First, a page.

UDispatch #1: Start With a Bulk Reverse Proxy

Part [part not set] of 5 in the series UDispatch

UDispatch has multiple layers of functionality in it. The first thing it is: a reverse proxy on the dev box that knows your upstreams and knows they’re sets. When you’re coding in a downstream, you typically have multiple upstreams you’re developing against. Service#1, Service#2, and so on. Your code sends HTTP to those services, they answer with HTTP.

These services are typically arranged in sets. That is, to use Service 1A, one must also be using service 2A and 3A. (Ed. Note: I’ve never actually seen them named this succinctly, they usually have random strings and letters that don’t indicate any sort of grouping at all.)

One encounters, in developing our service, two very typical patterns, then. 1) bouncing our service to change the endpoint URLs it should be hitting. 2) changing several of them — or forgetting or mistyping one — whenever you change one of them.

This involves a lot of tacit knowledge, of course. You have to know which upstreams go with which. The upstreams aren’t named well, even when they’re named consistently, which they often aren’t. It eats mental bandwidth. Solving this problem in your own code isn’t hard, it’s the same thing we try to do with all tacit knowledge in code: make it explicit. Define data structures to associate them, give them good names. Change one variable to change all the endpoints.

(Persistence here is usually handled by some sort of profile mechanism, though not always. I’ve seen it in databases, and seen it require another external service, for instance.)

But there’s no very good reason to put this in prod code, and no very good reason to solve it differently (or copy/paste) with every new downstream you create. Instead. What if we aimed 100% of our URL’s at another app running right on our local box. What if it was that app’s job to actually know the real endpoint and communicate with it?

An app like that is called a reverse proxy. Your downstream is talking to UDispatch. It doesn’t know it is (in prod mode). It thinks its talking to the real endpoints. You’ll notice, though, we can’t aim our URL’s exactly at the same endpoint on UDispatch. We have multiple upstreams. We need to talk to all of them. How do we say which one we’re talking to? Easy. Add a one-word path variable to the base URL.

So, if you talk to the Mother service and the Father service, the endpoints are http://localhost:XXX/mother/ and http://localhost:XXX/father/. And UDispatch now knows what the real endpoint is, rewrites the URL, sends the request, returns the response, and bob’s yer uncle. (Don’t kid yourself, there are gotchas, mostly having to do with security, but let’s solve that later.)

We give UDispatch the ability to define these names. We give it the ability to combine them into named sets, one supposes families in this case, "Simpsons", "Cleavers", and so on.

Now, to swap out endpoints in a set, the developer doesn’t edit her downstream’s profiles/database/service at all. She doesn’t bounce her app at all. She just hits the UDispatch UI and pulls down a combo, and from that moment forward her app is talking to a different set.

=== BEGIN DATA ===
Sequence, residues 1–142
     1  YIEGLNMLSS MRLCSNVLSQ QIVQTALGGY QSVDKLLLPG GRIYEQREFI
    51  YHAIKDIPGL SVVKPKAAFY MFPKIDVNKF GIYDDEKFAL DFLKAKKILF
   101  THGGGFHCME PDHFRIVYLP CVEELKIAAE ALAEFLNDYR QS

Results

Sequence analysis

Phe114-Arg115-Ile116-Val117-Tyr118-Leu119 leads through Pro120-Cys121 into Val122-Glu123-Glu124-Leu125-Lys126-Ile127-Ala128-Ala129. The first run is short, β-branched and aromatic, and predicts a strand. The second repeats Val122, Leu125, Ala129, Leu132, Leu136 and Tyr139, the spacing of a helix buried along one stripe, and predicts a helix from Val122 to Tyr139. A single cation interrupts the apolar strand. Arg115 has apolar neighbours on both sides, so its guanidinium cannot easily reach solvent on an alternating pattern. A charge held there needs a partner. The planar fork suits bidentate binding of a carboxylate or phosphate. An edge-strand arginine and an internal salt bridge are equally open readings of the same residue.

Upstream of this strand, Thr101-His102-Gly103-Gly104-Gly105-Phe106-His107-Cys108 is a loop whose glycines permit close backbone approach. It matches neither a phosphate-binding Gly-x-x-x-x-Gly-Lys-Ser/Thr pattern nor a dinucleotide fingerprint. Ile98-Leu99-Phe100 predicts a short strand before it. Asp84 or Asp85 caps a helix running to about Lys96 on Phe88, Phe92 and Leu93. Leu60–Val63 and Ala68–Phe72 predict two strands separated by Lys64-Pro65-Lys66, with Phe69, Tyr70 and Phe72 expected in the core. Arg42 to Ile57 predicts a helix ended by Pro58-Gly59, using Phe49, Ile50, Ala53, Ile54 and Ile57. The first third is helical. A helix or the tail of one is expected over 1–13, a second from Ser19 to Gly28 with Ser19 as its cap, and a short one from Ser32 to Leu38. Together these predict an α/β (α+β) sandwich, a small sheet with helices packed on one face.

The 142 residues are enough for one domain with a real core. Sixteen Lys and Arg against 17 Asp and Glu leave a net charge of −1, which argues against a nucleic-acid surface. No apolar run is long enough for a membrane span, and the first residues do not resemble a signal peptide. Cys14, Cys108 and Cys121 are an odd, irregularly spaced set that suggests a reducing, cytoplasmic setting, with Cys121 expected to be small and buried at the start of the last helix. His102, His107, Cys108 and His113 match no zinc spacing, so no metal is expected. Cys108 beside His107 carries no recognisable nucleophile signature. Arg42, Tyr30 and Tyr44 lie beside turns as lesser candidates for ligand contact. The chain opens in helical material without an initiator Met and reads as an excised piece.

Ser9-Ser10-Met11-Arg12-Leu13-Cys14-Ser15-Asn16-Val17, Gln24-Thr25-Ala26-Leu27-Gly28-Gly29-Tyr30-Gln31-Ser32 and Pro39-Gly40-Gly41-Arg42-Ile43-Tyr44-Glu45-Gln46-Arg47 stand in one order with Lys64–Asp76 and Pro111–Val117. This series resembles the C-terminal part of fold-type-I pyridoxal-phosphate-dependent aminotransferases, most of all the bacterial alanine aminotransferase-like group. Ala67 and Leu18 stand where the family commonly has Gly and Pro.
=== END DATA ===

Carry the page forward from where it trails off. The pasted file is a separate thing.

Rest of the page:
Of course, you don’t have to change those url’s as sets. UDispatch is actually offering an ad hoc arrangement, the sets are just named "presets" to change each item in the ad hoc.

So. Some questions.

  1. Can this be done?
  2. How hard is it?
  3. What does it get us?

Some answers:

  1. Yes. I have done it.
  2. Not hard, a little finicky, the basic stuff worked right out of the box.
  3. It gets us a little — not enough, and not as much as we want — a little.

A little: no more bouncing the downstream to change its endpoints.

A little: human-readable names for sets of associated upstreams.

A little: team-wide or org-wide app AND DATASET for all this.

So the first layer of UDispatch is just this: it’s a bulk reverse-proxy with a UI that runs locally. The UI can view, edit, associate, share, & select multiple upstreams to offer its downstream. It does this at runtime 100% dynamically, with no reboots of it or its downstream.

There’s more. There’s actually three more layers to it, each adding another level of value to teams that are using orchestras of services to do their work. We’ll get to these.

But this is enough for the moment. The next few muses in this series will just be about getting this going, open-source, binary-downloadable, and so on.

I am wanting to remind you: all of this is possible only because we’re re-balancing, because we’re looking away from the made to look at the making. UDispatch isn’t part of whatever pile of services you’re shipping. It’s part of how we’re going to make that pile.

I better get back to the day-job. In theory, I have some fairly lightweight UI-tightening stuff today, should go smooth and mellow.

Have your own self a smooth and mellow afternoon!

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